You know how hearing a certain song can transport you back in time? Instantly, you’re in the 7th grade, or on a family vacation, or having you’re first kiss all over again. We produce our own life’s soundtracks through our experiences.
Food has that same power of time travel for me. A particular taste, smell, or texture can immediately conjure a memory and send me somewhere else. The pop of a warm, freshly picked cherry tomato and I’m 5 years old in the backyard with my mom and our vegetable garden. The smell of freshly caught grilled fish happily delivers me to Spain in the summer I travelled there after 9th grade. The tender chew of octopus summons the first time I had sushi (other than a cucumber roll) with my dad.
Beets play a funny role in my food-memory bank. I grew up in “the healthy house”. There were no pizza-bagels for me at snack-time. A bowl of frozen organic fruit was the after-school treat at my house. We had the best back yard in town, and everyone still wanted to have play-dates at Caroline’s or Ali’s. It didn’t matter that one’s mom was strict or that the other’s brothers would rough-house us, they had epic junk food pantries.
My mom was clearly ahead of her time in the food shopping department (and in other of life’s departments, as well), and it ultimately, thankfully, rubbed off on me. We shopped at the only two health food stores in L.A. back then. Now, there is one on every other block. Organic was a no-brainer to her before it was really accessible. Now, organic shaming seems to be common practice among new parents. If only I could time warp young Caroline and Ali to my house for a play-date in 2016, they would be jealous of my pantry and all of it’s healthy and en vogue snacks. Sesame crackers. Check. Veggie chips. Yep. Almond butter. Second shelf.
So, needless to say, beets were around while I was growing up. And, their earthy flavor instantaneously takes me back to being 4 years old at The Source restaurant on Sunset Boulevard. At the time, The Source was probably the only organic vegetarian restaurant in town. So, naturally, it was pretty much the only restaurant at which we ate out. I can vividly remember sitting in a booster seat eating tofu and sipping on freshly squeezed watermelon juice (my version of candy). My mom would always order an enormous salad and feed me some of her veggies. But, the raw julienned beets really stuck to my taste buds. They tasted like sweet dirt, and I enjoyed it.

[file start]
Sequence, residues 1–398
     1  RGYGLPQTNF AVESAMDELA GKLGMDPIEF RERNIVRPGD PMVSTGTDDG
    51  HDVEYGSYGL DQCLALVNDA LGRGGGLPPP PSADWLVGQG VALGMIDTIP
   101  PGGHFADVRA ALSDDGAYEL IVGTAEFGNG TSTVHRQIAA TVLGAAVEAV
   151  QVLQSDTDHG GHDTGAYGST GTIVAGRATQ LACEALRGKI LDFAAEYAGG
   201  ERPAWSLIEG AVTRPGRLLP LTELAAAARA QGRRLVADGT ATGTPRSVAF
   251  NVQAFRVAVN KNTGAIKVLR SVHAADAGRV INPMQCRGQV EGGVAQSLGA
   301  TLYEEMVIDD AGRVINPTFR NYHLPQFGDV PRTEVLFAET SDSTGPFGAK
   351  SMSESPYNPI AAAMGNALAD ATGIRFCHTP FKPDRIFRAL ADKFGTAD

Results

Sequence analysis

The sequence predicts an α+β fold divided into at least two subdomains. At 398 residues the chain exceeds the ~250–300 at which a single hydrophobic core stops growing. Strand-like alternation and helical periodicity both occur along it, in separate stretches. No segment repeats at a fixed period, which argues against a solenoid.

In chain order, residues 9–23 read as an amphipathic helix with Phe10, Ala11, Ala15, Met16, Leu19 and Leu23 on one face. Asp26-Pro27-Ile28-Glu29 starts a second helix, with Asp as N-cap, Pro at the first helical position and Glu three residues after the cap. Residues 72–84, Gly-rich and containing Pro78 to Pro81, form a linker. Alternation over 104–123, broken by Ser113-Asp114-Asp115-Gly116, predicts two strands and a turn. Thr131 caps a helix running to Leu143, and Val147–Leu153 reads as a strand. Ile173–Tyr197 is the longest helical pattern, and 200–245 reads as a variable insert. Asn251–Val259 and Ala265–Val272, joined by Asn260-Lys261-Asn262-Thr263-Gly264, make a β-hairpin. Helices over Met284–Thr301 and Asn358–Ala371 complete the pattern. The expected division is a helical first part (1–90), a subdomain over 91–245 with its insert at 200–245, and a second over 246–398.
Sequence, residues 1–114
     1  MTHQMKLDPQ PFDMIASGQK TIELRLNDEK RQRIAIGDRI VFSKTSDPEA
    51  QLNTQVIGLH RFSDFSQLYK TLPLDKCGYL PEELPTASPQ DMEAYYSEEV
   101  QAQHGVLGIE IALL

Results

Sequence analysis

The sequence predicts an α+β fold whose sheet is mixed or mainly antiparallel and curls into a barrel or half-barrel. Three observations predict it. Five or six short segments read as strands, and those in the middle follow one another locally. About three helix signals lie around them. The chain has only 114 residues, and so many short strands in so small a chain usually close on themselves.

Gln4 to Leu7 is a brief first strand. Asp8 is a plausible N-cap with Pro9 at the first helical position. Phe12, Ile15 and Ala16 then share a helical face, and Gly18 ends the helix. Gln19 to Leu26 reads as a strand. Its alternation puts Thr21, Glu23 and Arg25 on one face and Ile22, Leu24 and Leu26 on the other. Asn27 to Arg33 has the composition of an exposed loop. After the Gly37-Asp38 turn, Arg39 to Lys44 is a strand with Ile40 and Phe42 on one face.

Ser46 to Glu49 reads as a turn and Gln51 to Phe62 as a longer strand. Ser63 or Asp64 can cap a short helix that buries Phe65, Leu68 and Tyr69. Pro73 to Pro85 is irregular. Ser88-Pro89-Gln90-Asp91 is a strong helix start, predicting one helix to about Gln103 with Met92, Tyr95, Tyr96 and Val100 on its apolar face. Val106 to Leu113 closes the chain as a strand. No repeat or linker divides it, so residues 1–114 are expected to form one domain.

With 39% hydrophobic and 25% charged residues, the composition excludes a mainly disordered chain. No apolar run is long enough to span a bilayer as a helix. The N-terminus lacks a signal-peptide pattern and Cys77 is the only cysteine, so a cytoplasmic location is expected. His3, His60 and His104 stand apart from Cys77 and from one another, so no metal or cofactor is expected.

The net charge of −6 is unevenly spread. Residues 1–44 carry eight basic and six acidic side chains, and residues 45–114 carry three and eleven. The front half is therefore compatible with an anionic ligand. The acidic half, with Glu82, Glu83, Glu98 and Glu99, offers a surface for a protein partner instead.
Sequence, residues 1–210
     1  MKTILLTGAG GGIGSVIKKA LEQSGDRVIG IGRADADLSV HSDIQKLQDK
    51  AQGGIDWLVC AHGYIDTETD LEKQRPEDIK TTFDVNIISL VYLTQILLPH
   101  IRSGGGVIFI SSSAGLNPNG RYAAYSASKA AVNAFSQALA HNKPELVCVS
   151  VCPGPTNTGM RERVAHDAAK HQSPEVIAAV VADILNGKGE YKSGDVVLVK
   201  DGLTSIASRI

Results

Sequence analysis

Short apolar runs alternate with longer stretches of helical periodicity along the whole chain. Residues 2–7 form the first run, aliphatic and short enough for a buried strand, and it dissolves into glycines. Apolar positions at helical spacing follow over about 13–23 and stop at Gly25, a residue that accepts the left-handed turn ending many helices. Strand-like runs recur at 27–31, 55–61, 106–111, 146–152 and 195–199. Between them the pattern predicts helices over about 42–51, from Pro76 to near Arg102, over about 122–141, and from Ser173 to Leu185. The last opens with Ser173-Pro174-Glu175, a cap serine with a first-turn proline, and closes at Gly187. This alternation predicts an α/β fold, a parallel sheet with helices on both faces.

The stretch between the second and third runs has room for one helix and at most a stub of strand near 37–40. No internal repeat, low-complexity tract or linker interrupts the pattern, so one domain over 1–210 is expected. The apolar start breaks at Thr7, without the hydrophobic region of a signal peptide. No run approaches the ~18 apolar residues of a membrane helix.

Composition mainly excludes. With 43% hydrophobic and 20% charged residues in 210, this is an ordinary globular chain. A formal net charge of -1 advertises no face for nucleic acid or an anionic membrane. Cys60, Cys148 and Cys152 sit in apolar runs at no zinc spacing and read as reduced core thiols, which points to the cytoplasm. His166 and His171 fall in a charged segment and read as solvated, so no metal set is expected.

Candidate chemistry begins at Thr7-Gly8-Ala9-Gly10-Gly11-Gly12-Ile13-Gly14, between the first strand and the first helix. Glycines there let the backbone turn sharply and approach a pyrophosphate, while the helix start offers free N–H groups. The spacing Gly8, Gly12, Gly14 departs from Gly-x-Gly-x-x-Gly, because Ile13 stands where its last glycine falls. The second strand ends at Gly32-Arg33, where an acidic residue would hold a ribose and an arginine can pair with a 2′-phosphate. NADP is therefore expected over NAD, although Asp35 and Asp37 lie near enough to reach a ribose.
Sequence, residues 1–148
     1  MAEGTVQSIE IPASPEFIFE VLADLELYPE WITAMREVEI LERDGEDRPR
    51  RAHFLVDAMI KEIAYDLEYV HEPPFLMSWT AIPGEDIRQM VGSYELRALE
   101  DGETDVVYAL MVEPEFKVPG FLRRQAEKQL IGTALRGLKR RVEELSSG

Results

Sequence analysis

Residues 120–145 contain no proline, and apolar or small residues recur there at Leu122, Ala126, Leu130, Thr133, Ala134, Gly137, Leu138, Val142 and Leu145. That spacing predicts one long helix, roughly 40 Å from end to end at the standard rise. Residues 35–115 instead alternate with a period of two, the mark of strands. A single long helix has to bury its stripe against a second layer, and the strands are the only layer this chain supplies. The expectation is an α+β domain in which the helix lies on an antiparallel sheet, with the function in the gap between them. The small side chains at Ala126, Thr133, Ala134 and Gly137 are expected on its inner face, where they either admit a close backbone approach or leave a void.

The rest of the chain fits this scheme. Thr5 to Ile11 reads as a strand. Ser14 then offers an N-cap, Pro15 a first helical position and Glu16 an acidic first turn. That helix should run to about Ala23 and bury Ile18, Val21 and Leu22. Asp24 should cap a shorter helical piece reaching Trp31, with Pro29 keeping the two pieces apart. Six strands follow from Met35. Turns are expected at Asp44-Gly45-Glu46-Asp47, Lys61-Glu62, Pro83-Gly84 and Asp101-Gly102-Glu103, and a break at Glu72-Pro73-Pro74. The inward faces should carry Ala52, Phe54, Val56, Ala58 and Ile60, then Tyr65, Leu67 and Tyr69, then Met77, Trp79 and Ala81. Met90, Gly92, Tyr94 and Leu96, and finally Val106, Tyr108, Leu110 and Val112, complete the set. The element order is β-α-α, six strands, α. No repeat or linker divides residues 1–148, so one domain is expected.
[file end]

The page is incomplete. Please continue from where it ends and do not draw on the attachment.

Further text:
It was during one of these dinners at The Source, while I nibbled beets and gulped down my watermelon juice, that my mom went into labor with my sister. The excitement of the actual arrival of my new sibling was beyond thrilling. I can recall it like it was yesterday. Therefore, delightedly, beets always blast me with a quick burst of joy, as I remember getting to finally meet my new forever friend and sister.
*Side note: Thank goodness I wasn’t eating a gross processed soggy bagel-pizza when one of the greatest moments of my life occurred.
Roasted Beets with Burrata and Blood Orange Vinaigrette
What you’ll need:
1 bunch of beets (about 5), well scrubbed (the smaller beets are sweeter)
1 blood orange, juiced
1-2 Tbs. red wine vinegar
6-8 basil leaves, torn
1/4 cup of olive oil
1-2 balls of fresh burrata
Sea salt, to taste
Freshly ground pepper, to taste
Preheat oven to 425 degrees. Wrap 2-3 beets, depending on size, in foil. Place on a baking sheet. Roast beets for 45 mins to 1 hours, until they are soft to the touch. Cool beets in foil packets until they are cool to the touch, and peel off the skins.
While the beets are roasting, make the vinaigrette. In a small bowl, whisk together the blood orange juice, red wine vinegar, and olive oil. Season with salt and pepper.
Quarter the beets, or cut in eighths, depending on size. Toss beets in the vinaigrette. Let them marinate until you are ready to plate and serve. They’ll just continue to soak up the dressing, so no rush.
Center the burrata on your platter. Spoon the beets around it. Drizzle olive oil over the burrata. Sprinkle basil over the dish. Finish with a pinch of sea salt.